You probably remember Kris Kobach, Secretary of State of Kansas, who ran around screaming about voter fraud and implemented the harshest voter identification laws in the nation. To vote in Kansas, you have to provide a valid driver’s license, your first-born son, a vial of blood, your latest Starbuck’s cup with your name on it, your iPhone passcode and your latest Facebook profile pic.
BUT we had to have voter identification laws, because voter fraud in Kansas is a very serious problem according to Kris Kobach. It was such a serious problem that Kobach wrote an article for the Wall Street Journal in 2011 outlining his case. http://www.wsj.com/articles/SB10001424052748704816604576333650886790480
From the article,
Evidence of voter fraud is present in all 50 states, and public confidence in the integrity of elections is at an all-time low. In the Cooperative Congressional Election Study of 2008, 62% of American voters thought that voter fraud was very common or somewhat common.
Ahhh yes, integrity of the elections is in question by the American public. How about the integrity of our politicians? That’s what leads us to the latest discovery this week about good, old Kris Kobach. See it turns out that there actually hasn’t been one case of voter fraud reported by Kris Kobach in four and half years. That’s right – zero, zip, nada, zippo. Not one.
Read this baby from MSNBC:
During last year’s election, the Kansas Secretary of State chastised U.S. Attorney Barry Grissom, complaining to the media that Kobach’s office had referred examples of voter fraud to the Kansas-based federal prosecutor, but Grissom has refused to prosecute. Worse, Kobach said the U.S. Attorney didn’t “know what he’s talking about” when Grissom said voter fraud doesn’t exist in Kansas.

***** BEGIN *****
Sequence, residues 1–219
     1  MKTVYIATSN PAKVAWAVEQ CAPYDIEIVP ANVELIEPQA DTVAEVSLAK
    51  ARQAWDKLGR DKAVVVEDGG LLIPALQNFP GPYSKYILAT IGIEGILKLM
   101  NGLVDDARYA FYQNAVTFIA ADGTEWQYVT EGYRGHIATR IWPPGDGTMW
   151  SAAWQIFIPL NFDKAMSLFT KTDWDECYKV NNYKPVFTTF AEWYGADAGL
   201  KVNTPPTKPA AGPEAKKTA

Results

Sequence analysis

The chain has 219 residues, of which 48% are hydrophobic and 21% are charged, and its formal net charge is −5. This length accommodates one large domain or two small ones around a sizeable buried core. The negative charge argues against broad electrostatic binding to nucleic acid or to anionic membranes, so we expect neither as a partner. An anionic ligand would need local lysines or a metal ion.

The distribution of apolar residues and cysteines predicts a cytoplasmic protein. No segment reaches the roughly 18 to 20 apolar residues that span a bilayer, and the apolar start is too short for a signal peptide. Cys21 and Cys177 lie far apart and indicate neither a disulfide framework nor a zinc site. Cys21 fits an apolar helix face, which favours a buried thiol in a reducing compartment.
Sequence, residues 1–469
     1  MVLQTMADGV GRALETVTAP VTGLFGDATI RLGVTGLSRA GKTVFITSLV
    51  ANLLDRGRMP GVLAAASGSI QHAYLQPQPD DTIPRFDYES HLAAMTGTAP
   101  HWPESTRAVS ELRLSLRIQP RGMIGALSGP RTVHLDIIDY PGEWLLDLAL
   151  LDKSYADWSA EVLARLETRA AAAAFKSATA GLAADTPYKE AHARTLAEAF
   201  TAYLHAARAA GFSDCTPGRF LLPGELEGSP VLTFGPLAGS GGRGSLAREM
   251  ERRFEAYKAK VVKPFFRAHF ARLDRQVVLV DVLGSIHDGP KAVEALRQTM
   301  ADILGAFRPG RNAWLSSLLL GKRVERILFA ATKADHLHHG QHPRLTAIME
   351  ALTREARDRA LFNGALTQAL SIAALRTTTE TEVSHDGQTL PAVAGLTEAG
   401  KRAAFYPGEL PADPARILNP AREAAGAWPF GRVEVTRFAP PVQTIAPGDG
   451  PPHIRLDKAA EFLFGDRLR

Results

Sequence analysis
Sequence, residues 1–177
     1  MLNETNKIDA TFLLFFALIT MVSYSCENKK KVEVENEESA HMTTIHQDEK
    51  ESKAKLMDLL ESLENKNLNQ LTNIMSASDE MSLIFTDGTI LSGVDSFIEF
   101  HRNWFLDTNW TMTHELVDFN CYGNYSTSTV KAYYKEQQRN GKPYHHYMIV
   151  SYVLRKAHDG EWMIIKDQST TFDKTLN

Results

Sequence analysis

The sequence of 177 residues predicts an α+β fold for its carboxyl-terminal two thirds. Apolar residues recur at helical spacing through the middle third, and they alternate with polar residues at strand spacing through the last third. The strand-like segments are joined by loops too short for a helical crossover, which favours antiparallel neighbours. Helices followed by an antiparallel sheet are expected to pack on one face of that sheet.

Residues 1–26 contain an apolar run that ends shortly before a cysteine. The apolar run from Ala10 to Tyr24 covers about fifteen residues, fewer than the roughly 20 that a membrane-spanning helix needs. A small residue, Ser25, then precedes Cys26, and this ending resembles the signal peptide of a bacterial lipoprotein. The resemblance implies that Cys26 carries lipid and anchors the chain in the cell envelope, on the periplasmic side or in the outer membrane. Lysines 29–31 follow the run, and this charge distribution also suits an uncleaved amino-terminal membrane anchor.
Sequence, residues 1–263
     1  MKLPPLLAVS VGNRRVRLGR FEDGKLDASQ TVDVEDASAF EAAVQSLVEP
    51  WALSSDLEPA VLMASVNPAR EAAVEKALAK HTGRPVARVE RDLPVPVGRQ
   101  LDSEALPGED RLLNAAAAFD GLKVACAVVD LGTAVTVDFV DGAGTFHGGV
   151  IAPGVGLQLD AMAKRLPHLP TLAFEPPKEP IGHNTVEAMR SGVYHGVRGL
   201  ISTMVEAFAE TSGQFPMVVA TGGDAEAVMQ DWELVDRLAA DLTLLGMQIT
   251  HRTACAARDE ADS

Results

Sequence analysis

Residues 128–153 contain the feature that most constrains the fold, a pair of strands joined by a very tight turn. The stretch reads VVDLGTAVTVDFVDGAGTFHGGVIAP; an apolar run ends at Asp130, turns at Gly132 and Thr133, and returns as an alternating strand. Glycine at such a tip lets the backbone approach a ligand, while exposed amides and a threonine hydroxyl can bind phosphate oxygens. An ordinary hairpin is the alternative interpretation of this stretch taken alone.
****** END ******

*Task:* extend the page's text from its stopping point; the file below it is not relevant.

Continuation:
The AP reports today that when Kobach made these claims, he appears to have been brazenly lying (thanks to my colleague Tricia McKinney for the heads-up).
[I]n a Nov. 6 letter sent from Grissom to Kobach and obtained by The Associated Press through an open records request, the prosecutor responded that his office received no such referrals from Kobach, and chided the secretary of state for his statements.
“Going forward, if your office determines there has been an act of voter fraud please forward the matter to me for investigation and prosecution,” Grissom wrote. “Until then, so we can avoid misstatements of facts for the future, for the record, we have received no voter fraud cases from your office in over four and a half years. And, I can assure you, I do know what I’m talking about.”
Wait, it gets worse.
Kobach now concedes that when he said he’d referred voter-fraud cases to the U.S. Attorney’s office, he had not, in reality, referred voter-fraud cases to the U.S. Attorney’s office. But, the right-wing official told the AP, Kobach’s predecessor had alerted the federal prosecutor to two relevant cases and Grissom ignored those referrals.
It turns out, that’s not true, either: federal investigators looked into those 2011 allegations and, as the AP report noted, they concluded they were not voter fraud.
Here’s what makes this story absolutely horrible. When the vote id law came out, some minority church leaders came out against this saying the new law was unfairly targeting minorities and poor people. The new law would disenfranchise certain voters. 17,000 voting privileges were suspended due to this new strict voting law. In response, Kris Kobach said this,
“I don’t know what churches — and I would put churches in quotation marks — because the vast majority of church leaders I’ve spoken to are fully in favor of our photo ID law,” Kobach said.
Put churches in quotation marks? Here’s a fine idea. You should spend Sundays going to church. You might learn about this thing called lying. God doesn’t look too fondly on people who lie. You lied about cases of voter fraud. You made people believe that election fraud was a big enough issue to pass voter i.d. laws. You fixed a problem that never really existed and now good people can’t vote. That is a shame.
I’m not worried about election integrity and more worried about the integrity of the politicians that we elect.
Yours for fixing problems that actually exist,